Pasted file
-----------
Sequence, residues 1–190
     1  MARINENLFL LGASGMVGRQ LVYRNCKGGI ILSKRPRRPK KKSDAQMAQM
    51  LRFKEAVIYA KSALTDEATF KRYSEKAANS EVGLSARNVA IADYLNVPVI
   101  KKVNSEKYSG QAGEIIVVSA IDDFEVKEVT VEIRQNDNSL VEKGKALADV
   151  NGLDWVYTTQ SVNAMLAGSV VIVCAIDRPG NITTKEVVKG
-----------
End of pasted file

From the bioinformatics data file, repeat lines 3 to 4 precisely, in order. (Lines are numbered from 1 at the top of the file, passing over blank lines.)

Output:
    51  LRFKEAVIYA KSALTDEATF KRYSEKAANS EVGLSARNVA IADYLNVPVI
   101  KKVNSEKYSG QAGEIIVVSA IDDFEVKEVT VEIRQNDNSL VEKGKALADV